A recession isn't necessarily all bad news.
Ever since the Great Recession of 2008, anxiety and downturn in the economy as a whole has been equated with the same effects in the housing market.
Statistically, however, such a correlation has been the exception rather than the rule. In fact, throughout history, the housing market and the economy have had an inverse relationship. In other words, when the economy suffers, housing could provide a safe haven.
The reason for this relationship is usually that mortgage and interest rates fall when the economy does. So while potential buyers may be in a less advantageous position to purchase a home, the housing market trends toward meeting those needs.
Today vs. 2008
The 2008 recession has left such an imprint on the public consciousness that it often seems more recent than a full decade past. But unlike in 2008, the ratio of household debt to total income in 2018 is lower than it has been in 15 years.
Ten years after the Great Recession, professionals have taken steps to address the subprime mortgage crisis that precipitated it. This was a primary reason for the housing market crash in 2008. It is very unlikely that a similar threat hangs over the market this year.
One upside to the housing market crash is that investors, lenders, and consumers can and have learned from their mistakes and the mistakes of others. Thus, memories of the crash should serve not as an ill omen for future decades, but as a cautionary tale that allows all involved to take more conscientious and ethical action.
The pursuit of stability
While existing home sales fell slightly in the first half of the year, new home sales rose by more than 7 percent. The stability of these trends in the market depends on the balance between housing affordability and home value.
In other words, a rise in home prices is good for the market, but only insofar as prospective buyers are able to afford those homes. This actually grows more likely during a recession if mortgage and interest rates fall as they historically have.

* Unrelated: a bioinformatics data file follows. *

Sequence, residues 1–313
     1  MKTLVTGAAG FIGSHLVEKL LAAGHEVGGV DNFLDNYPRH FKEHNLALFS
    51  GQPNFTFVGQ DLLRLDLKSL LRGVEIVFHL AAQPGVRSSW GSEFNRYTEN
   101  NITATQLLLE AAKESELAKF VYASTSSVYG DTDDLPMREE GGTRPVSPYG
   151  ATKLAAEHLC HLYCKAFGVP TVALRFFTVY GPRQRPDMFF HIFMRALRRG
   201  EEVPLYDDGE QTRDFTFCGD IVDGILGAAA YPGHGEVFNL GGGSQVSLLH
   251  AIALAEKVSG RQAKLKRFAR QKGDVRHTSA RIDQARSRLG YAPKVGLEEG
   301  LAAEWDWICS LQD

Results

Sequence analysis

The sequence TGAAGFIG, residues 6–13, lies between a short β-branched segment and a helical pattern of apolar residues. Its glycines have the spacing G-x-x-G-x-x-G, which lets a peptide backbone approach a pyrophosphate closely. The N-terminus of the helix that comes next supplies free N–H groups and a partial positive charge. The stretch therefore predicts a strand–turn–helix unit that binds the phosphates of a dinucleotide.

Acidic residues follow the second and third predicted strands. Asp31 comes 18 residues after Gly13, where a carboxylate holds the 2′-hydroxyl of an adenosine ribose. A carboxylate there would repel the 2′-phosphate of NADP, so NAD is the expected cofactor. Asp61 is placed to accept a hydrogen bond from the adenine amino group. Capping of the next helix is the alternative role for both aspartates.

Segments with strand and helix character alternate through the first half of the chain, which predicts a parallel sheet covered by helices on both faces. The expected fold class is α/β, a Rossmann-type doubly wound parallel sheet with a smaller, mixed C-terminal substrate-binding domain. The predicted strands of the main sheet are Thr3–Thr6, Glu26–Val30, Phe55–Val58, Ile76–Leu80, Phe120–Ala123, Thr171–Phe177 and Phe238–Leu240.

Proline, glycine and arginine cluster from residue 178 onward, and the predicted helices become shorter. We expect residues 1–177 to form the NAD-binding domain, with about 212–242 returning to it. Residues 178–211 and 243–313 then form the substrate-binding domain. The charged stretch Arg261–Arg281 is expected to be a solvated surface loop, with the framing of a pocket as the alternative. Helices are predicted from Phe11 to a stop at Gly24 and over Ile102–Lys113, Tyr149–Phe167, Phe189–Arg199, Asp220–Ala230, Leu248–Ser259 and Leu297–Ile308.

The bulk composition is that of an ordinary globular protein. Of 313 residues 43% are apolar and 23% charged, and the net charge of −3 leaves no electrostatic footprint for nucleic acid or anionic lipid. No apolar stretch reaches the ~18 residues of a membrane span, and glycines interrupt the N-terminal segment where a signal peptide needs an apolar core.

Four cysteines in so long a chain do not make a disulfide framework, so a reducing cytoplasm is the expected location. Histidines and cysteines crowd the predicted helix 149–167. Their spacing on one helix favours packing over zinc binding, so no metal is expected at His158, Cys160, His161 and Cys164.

Ken Leon of CRFA, director of equity research, maintains that because the housing market is experiencing a scarcity in inventory, prices should remain stable and possibly even inch higher. This is good news, because it means that home values are remaining healthy while likely not launching home prices into an unaffordable realm.
In fact, the only huge concern in today’s housing market is unaffordability. While a recession could bring more friendly rates on mortgages and interest, this is a moot point if buyers cannot afford the homes they are interested in.
You and your clients
Many of your clients will likely have heard rumors of a looming recession from one news outlet or another. News and popular media alike would have them believe that they have much to fear from the housing market if this happens.
However, the survival of the economy depends on the sectors in which it retains its vitality. Historically, housing is one of those sectors. One of the most present dangers of this decade is the extreme caution and fear with which consumers approach the housing market in the midst of recession.
They have been conditioned, of course, by the Great Financial Crisis of 2008. But that is where each individual real estate agent can make a difference. Your clients will likely come to your with their questions and concerns about economic effects on the housing market.
Whether they do or not, you can point to history to educate them on the likelihood that now is in fact a very good time to buy or sell a home. The drive toward education does not have to be limited to your own clients. Capitalize on social media to dispel these misinformed beliefs about the economy and the housing market.
Initiate yourself into the consumer news cycle, if you haven’t already, so that you can more easily understand where their fears are coming from. Then, use your expertise to buoy your business, consumers’ lives, and the housing market itself.